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    Re: Auroras/compass readings
    From: Alexandre Eremenko
    Date: 2004 Oct 17, 00:14 -0500

    There are two separate related phenomena here.
    
    1. Aurora Polaris, the lights in the sky.
    They occur quite frequently and not necessarily
    very close to the poles.
    (The average number in New York is 10 per year).
    The zone of highest frequency (about 100 per year)
    in Northern hemisphere
    spreads to N Lat 57d over Canada).
    
    2. Magnetic storms. They occur at the same time all over the earth.
    (This has nothing to do with polar regions).
    The compass deviation during such a storm can be up to several
    degrees and the storms last from few hours to several
    days. They may also interfer with radio transmission, and some
    say, even with electric power transmission.
    
    Apparently there is a relation between both phenomena,
    and they are caused by charged particles coming from the Sun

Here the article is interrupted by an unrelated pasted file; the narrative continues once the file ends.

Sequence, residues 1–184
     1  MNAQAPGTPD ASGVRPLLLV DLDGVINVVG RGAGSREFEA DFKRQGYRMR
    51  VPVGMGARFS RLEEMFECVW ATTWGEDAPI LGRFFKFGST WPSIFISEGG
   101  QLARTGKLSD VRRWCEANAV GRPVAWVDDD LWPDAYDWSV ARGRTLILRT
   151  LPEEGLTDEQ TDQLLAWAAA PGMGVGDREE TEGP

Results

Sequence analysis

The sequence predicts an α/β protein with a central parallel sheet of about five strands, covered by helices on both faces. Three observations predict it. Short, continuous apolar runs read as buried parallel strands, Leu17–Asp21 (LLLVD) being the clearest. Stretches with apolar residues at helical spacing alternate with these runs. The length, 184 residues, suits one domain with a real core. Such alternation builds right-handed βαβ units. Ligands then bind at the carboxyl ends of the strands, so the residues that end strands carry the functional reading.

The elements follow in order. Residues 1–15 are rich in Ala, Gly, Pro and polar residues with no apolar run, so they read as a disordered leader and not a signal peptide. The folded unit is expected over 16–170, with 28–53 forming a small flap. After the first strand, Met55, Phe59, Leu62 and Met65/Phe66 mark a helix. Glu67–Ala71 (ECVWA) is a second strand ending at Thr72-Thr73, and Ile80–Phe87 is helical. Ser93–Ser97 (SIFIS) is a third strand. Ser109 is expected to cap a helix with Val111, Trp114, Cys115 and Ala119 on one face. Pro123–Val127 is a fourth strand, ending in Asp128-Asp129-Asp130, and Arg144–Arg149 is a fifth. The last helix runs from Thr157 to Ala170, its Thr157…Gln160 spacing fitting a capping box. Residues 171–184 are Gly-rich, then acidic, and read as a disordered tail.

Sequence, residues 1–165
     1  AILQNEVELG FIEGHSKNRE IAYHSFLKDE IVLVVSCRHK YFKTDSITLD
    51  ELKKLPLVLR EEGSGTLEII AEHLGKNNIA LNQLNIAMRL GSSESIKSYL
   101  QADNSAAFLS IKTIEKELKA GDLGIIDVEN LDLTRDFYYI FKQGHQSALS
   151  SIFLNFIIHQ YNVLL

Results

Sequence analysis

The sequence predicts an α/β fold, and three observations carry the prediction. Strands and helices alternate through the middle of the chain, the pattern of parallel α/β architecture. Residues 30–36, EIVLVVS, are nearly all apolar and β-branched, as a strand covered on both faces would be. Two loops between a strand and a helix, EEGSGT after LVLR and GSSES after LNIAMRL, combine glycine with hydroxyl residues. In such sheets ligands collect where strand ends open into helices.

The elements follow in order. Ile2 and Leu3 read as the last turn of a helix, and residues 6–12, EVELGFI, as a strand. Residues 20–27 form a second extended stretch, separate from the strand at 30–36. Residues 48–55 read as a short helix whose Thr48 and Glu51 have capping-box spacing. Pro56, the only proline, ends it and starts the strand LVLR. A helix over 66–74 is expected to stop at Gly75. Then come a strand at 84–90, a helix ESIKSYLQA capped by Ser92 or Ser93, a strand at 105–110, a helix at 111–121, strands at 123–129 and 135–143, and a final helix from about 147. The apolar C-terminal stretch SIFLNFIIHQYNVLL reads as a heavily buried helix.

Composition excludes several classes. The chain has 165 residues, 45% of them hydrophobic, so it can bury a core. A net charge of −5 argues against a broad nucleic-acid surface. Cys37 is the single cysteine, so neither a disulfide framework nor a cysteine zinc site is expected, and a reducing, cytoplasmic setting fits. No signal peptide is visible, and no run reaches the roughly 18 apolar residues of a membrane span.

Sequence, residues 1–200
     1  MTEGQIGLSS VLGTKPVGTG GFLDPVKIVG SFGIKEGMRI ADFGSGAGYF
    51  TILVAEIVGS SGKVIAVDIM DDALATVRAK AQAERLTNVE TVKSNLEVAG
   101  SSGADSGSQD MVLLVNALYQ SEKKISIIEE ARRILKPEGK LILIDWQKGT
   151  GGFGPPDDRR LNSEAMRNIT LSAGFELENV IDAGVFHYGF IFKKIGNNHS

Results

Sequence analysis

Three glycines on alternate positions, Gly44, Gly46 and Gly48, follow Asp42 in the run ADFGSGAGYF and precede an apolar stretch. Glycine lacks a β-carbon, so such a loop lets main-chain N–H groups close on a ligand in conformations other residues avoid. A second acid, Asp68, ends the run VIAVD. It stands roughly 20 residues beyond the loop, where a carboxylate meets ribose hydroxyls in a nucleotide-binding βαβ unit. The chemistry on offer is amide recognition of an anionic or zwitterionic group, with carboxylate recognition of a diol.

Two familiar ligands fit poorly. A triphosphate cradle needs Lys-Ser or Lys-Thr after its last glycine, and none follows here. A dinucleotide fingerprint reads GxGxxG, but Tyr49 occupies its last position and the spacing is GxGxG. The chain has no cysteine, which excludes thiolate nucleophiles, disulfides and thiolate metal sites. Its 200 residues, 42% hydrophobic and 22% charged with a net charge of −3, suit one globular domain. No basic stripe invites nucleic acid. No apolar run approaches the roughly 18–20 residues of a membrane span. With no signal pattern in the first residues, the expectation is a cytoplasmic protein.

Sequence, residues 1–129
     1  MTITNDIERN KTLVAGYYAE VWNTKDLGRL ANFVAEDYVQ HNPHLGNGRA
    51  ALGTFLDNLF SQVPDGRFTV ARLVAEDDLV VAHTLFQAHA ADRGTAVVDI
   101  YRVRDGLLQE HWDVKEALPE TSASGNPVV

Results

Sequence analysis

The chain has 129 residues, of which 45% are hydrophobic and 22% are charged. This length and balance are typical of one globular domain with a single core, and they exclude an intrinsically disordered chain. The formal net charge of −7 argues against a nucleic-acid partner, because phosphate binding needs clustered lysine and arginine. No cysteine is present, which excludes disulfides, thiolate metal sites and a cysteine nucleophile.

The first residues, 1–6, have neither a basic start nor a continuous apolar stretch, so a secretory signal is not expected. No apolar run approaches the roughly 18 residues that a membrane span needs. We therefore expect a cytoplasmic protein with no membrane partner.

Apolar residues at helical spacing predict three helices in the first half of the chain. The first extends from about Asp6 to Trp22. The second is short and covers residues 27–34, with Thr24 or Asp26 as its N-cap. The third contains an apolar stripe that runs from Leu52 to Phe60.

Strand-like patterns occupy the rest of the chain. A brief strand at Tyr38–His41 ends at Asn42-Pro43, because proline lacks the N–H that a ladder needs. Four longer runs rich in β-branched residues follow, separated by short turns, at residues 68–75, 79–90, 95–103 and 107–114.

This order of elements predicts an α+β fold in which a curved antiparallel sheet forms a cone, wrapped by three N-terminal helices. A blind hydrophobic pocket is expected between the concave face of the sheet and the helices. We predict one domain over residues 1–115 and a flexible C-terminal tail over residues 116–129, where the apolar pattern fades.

and interfering with the Earth magnetic field.
    
    I do not know of any specific directions for navigators how
    to deal with magnetic storms, except the general recommendation
    of Russian manuals to determine compass correction by
    astronomical observations every day (usually by sunrise and sunset).
    
    Alex.
    
    
    On Sun, 17 Oct 2004, Lisa Fiene wrote:
    
    > The northern and southern auroras occur when electrically charged
    > particles from the sun interact with our earth's magnetic field.
    >
    > Just a question, if one were to sail in these latitudes during these
    > episodes of increased solar activity & the subsequent auroras these
    > would create, would it affect the ship's compass at all?
    >
    > I've always considered this a likelihood, however never having sailed to
    > these high lats, have never been able to test it.
    >
    > If it is the case, how do/did sailing vessels allow for this in their
    > navigation?
    >
    > Thanks, Lisa
    >
    
    
    

       
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